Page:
“And when he would not be persuaded, we ceased, saying, The will of the Lord be done.” (Acts 21:14)
This verse, like the all too common lament, “All we can do now is pray,” leads me to suggest that in far too many situations in life, our last resort should have been our first.
The “he” referred to here is Paul the Apostle, who was determined to go to Jerusalem, over the pleadings of Christians in Caesarea and the warning of the prophet, Agabus. It was the latter who warned Paul that if he went to Jerusalem, he would be bound over to the Gentiles for incarceration. Paul, however, chided these dear saints for trying to break his heart, assuring them that not only was he ready to be bound, he was ready to die, if need be, “for the name of the Lord Jesus” (v.13). Even now, argument still arises over the right or wrong of his decision.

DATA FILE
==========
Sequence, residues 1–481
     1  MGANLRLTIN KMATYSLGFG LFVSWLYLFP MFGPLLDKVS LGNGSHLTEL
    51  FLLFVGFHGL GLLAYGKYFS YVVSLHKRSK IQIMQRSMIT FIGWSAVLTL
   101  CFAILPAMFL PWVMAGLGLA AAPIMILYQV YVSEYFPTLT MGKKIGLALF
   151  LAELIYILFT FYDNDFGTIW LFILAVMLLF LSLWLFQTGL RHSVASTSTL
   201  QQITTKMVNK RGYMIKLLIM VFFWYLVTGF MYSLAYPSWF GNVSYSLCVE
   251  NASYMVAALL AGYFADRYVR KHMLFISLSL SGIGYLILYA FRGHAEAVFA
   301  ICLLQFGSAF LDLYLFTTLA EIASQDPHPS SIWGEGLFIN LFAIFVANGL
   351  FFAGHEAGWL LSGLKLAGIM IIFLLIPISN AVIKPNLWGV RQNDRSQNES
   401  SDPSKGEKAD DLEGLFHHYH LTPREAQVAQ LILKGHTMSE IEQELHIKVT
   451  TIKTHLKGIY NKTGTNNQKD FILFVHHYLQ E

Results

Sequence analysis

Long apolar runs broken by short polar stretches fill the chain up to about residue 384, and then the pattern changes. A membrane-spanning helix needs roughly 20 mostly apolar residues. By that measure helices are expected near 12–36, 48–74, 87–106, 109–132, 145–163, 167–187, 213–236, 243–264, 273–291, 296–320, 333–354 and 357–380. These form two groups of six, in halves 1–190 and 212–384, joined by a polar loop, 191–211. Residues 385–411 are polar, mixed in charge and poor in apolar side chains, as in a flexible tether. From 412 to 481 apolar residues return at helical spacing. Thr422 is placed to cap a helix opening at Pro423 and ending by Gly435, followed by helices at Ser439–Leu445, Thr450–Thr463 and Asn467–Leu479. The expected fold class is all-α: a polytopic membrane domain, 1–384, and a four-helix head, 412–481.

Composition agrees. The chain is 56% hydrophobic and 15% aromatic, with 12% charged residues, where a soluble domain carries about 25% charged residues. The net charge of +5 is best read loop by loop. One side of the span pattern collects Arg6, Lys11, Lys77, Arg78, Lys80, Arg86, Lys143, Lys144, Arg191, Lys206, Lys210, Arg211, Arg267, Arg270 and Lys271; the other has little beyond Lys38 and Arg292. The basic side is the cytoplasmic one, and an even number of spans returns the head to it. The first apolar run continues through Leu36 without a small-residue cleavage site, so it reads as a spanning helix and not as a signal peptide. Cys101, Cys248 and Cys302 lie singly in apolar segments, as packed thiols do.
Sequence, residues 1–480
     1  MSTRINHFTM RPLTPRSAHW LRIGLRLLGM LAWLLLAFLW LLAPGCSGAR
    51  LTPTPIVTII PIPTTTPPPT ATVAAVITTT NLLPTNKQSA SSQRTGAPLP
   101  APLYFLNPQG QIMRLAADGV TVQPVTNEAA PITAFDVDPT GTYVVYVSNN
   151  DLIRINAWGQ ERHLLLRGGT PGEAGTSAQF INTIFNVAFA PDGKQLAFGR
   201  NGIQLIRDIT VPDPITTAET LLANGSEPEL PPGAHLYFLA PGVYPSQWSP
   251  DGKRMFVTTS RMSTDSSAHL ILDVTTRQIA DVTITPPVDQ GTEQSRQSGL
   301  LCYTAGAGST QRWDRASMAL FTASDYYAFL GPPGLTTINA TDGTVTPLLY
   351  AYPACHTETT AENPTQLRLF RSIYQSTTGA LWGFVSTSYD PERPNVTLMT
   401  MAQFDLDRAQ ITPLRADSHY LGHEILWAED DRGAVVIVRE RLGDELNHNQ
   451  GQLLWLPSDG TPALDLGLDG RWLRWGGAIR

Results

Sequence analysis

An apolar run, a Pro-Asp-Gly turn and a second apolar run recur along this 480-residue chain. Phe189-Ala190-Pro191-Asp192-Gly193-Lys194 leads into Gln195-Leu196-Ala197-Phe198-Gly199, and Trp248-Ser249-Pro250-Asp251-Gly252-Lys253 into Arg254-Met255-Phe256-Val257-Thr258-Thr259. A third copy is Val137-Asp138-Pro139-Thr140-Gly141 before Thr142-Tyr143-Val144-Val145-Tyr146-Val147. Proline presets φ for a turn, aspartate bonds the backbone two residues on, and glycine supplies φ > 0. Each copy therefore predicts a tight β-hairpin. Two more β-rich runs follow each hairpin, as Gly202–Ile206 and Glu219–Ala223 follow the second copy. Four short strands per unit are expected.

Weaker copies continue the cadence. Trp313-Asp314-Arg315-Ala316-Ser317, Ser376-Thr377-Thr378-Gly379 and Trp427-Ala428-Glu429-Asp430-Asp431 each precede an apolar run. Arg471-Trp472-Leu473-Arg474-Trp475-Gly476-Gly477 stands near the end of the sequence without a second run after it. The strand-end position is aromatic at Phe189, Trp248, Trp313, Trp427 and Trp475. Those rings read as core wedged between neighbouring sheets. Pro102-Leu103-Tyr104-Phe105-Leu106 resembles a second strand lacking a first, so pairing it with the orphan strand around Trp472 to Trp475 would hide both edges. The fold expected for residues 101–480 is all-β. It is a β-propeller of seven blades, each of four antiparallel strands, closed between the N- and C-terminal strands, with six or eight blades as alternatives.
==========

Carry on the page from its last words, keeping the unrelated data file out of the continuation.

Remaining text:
Here’s my point, though; I fear we waste a lot of time and energy trying to persuade people not to do things they are determined to do, or conversely, to do things against their will. As wives, after we have voiced our opinion and given our arguments, we should leave it at that, unless sin in involved. To feel we must cajole or connive in order to change the minds of our “misguided” husbands, is proud at least and dangerous at worst. The same holds true for our grown children and anyone else in our sphere of influence. Our arguments may be sound, but repetition will not add anything to their credence; and often, as long as we are talking, God cannot be heard. We run the real risk of missing a chance to see the Lord work on our behalf, in answer to prayer, when we insist upon taking upon ourselves the duties of the Holy Spirit. And maybe—just maybe—we could be wrong.
I wonder, my friend, if it’s time for you or me to cease and say, “The will of the Lord be done.”